"more than 60 percent of Twitter users fail to return the following month. Or in other words, Twitter's audience retention rate, or the percentage of a given month's users who come back the following month, is currently about 40 percent."One post said, "Twitter is a white hot star....it's pretty hollow inside." Another compared it to the CB radio craze. The funny thing is, we've been here before -- and will probably be here again
Everyone who thinks Twitter is pointless is gleefully sharing this article -- those that can use e-mail, that is.
And that's really the point. If you're on the wrong side of the digital divide, it can be almost impossible to comprehend the value of this or any other Internet application.
Let's take a step back in time to when e-mail was new. What good is e-mail? If you only get spam or forwarded stupid jokes, then it isn't worth much. And you can't e-mail someone who doesn't have an account -- but you could call them, or even send a real letter. So why bother with it?
Because it's a useful business tool. Because archived e-mails are easier to search than paper documents. Because it's more economical than snail mail. Because it's faster than snail mail. And so on.
And yet we all know people who still have little or no use for e-mail. Even if they have accounts, they're seldom used. And if these folks really have to use it -- well, they sometimes need a little help. (How many company decision makers still rely on their assistants to handle the Interwebtubbie stuff?)
And Twitter's basically the same. Like e-mail, it's what you make of it. There's plenty of nothing being said on Twitter, but there are things of value going on, too. Businesses are using it to communicate with customers. Performing artists are using it to connect with fans. News organizations are using it for headline news feeds. And so on.
So all those Oprah fans who joined because she said to, looked at it, scratched their heads and then closed their accounts, don't matter much (in my opinion). If Oprah had told them to all buy Yankee screwdrivers they would have, and then placed the tools in closets or drawers where they would sit unused.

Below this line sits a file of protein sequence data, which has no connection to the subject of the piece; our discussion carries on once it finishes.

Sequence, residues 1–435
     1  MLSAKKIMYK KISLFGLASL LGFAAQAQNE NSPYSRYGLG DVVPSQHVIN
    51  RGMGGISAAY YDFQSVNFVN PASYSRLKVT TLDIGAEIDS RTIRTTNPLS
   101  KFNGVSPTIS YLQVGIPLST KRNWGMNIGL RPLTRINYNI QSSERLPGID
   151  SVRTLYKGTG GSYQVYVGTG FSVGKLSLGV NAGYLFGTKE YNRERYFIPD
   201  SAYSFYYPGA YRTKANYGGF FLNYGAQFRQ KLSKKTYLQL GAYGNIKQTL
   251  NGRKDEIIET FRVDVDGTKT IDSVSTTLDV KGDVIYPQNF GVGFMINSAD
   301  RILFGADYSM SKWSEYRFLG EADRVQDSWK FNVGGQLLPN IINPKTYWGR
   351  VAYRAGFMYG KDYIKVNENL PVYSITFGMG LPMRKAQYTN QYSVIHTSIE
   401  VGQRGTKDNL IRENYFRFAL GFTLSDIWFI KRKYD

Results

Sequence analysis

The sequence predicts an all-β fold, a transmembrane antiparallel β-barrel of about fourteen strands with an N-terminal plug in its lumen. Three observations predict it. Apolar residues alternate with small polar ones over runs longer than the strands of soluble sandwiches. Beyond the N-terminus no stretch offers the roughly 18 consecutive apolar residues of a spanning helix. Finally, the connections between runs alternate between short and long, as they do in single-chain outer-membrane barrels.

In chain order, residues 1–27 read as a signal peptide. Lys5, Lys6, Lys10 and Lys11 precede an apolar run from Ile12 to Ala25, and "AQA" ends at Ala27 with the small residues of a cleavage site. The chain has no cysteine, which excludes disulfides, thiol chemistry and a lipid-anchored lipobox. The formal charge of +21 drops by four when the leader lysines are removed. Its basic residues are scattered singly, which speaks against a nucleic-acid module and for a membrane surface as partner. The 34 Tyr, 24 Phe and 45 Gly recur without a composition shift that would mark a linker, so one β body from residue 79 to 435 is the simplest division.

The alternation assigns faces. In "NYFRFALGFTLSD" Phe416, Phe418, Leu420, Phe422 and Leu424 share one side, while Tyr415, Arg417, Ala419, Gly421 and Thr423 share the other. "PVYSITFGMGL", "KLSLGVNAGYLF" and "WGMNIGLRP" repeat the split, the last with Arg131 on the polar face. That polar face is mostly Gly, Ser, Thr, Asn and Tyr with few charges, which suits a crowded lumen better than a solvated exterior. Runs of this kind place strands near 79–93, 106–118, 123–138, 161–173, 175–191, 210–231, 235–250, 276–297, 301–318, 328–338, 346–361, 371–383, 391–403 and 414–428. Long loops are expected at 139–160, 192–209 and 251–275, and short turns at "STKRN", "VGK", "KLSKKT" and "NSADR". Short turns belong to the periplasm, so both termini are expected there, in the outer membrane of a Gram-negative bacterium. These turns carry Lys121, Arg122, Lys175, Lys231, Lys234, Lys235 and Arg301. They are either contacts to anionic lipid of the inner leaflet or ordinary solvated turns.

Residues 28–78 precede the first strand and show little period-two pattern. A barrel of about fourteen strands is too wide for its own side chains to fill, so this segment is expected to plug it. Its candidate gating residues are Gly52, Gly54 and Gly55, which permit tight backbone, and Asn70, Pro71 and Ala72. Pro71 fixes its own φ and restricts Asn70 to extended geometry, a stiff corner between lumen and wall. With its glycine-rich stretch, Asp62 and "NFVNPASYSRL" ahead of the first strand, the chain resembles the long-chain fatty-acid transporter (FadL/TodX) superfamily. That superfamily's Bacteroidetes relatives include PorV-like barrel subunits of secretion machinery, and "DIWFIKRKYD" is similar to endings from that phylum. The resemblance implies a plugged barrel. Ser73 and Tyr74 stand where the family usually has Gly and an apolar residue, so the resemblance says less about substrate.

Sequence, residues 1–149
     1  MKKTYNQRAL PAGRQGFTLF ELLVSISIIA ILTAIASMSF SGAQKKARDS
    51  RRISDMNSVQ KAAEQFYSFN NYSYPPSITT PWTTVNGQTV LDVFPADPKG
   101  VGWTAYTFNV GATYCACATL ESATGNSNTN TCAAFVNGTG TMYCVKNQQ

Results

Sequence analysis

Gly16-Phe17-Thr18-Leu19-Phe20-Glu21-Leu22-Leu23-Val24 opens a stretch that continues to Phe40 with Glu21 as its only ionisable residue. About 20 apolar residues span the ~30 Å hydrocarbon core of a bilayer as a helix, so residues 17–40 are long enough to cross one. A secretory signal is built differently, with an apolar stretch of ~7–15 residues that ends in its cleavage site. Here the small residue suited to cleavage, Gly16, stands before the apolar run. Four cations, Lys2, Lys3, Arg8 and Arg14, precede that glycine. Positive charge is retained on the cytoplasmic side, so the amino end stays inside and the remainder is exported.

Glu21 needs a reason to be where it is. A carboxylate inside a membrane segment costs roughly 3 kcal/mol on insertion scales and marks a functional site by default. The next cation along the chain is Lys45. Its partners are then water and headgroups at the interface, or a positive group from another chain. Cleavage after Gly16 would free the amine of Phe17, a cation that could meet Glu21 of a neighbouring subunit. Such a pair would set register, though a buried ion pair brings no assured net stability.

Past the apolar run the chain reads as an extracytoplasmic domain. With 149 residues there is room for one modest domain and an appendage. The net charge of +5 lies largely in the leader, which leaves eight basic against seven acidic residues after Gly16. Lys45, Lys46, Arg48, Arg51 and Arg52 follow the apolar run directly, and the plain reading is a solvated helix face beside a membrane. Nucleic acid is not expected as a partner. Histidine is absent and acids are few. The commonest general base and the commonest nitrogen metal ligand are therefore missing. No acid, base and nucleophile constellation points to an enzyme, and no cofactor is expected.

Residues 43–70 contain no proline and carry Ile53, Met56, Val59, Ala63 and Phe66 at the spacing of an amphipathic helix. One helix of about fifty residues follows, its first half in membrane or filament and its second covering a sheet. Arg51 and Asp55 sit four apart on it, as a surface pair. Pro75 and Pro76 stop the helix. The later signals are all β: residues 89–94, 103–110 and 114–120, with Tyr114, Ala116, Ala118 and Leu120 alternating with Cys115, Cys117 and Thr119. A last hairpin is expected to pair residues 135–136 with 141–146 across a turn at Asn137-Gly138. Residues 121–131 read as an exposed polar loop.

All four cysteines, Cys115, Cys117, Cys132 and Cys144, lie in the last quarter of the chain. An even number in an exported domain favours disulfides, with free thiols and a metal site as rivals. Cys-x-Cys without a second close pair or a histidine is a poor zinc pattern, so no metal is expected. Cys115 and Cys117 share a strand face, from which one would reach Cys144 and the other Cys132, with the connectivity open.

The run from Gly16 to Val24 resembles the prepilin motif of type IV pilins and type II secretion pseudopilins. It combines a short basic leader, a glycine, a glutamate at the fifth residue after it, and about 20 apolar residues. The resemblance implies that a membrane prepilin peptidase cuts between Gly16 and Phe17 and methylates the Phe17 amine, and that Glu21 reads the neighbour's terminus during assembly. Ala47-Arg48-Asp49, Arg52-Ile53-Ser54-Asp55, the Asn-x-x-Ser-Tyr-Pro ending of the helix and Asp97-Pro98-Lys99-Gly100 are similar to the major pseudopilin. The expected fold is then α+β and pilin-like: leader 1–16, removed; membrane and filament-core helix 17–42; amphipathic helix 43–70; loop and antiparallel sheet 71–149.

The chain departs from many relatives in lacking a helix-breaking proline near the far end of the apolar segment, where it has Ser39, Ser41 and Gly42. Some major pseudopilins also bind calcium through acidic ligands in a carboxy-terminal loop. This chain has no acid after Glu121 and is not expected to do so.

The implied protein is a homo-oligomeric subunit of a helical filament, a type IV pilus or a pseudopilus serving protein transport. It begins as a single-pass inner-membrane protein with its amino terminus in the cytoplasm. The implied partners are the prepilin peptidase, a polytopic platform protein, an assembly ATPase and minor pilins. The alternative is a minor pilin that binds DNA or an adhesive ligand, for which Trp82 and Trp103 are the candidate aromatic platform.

Because that's what Twitter is -- a communications tool. Like the Yankee screwdriver, it doesn't do all things equally well. But if you're a woodworker or fine furniture maker, there are times when no other type of screwdriver will do. And if you're running an Internet-oriented business, there are times when Twitter is ideal.
And is Twitter like CB Radio? Well, that was originally a communications tool also. Sure, it got to be a big fad in the late 1970's, and the on-air chatter eventually killed its effectiveness for professional truckers. But the concept's still around -- truckers now use cell phones for two-way communications, which filters out all that over-the-air noise.
Ditto with Twitter. You don't have to get updates from everyone in the world. Just the people (or businesses) you're interested in. That communications band can be as tightly focused as you want it to be.
Doesn't bother me that people are coming and leaving. I didn't follow them anyway (I suspect few did). I can talk to professional colleagues, post notices for upcoming business events, and do a little crowd-sourcing when necessary.
So please, twaters, stop with the article forwarding. I got it already. And what I really got is how much you don't get it.
Day 25 of the WJMA Podwatch. (No, they don't Twitter either.)